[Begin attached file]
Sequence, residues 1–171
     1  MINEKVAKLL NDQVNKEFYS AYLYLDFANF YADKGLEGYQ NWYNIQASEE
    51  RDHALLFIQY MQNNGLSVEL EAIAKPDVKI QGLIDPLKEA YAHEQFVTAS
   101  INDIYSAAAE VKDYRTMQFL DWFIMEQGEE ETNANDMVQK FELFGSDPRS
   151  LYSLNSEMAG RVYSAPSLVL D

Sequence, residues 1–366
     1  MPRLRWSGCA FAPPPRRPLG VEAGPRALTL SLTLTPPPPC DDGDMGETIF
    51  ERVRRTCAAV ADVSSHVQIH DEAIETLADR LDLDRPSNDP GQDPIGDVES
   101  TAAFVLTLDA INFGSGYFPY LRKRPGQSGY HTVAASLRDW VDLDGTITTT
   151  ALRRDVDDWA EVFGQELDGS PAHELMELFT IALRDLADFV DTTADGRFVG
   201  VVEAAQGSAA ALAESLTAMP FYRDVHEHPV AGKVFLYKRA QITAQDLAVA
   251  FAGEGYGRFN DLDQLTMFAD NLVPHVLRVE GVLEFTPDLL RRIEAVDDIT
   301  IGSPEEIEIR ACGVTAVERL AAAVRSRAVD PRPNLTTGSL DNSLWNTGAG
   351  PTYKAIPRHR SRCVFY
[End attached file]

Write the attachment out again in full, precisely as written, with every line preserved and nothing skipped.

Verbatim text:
Sequence, residues 1–171
     1  MINEKVAKLL NDQVNKEFYS AYLYLDFANF YADKGLEGYQ NWYNIQASEE
    51  RDHALLFIQY MQNNGLSVEL EAIAKPDVKI QGLIDPLKEA YAHEQFVTAS
   101  INDIYSAAAE VKDYRTMQFL DWFIMEQGEE ETNANDMVQK FELFGSDPRS
   151  LYSLNSEMAG RVYSAPSLVL D

Sequence, residues 1–366
     1  MPRLRWSGCA FAPPPRRPLG VEAGPRALTL SLTLTPPPPC DDGDMGETIF
    51  ERVRRTCAAV ADVSSHVQIH DEAIETLADR LDLDRPSNDP GQDPIGDVES
   101  TAAFVLTLDA INFGSGYFPY LRKRPGQSGY HTVAASLRDW VDLDGTITTT
   151  ALRRDVDDWA EVFGQELDGS PAHELMELFT IALRDLADFV DTTADGRFVG
   201  VVEAAQGSAA ALAESLTAMP FYRDVHEHPV AGKVFLYKRA QITAQDLAVA
   251  FAGEGYGRFN DLDQLTMFAD NLVPHVLRVE GVLEFTPDLL RRIEAVDDIT
   301  IGSPEEIEIR ACGVTAVERL AAAVRSRAVD PRPNLTTGSL DNSLWNTGAG
   351  PTYKAIPRHR SRCVFY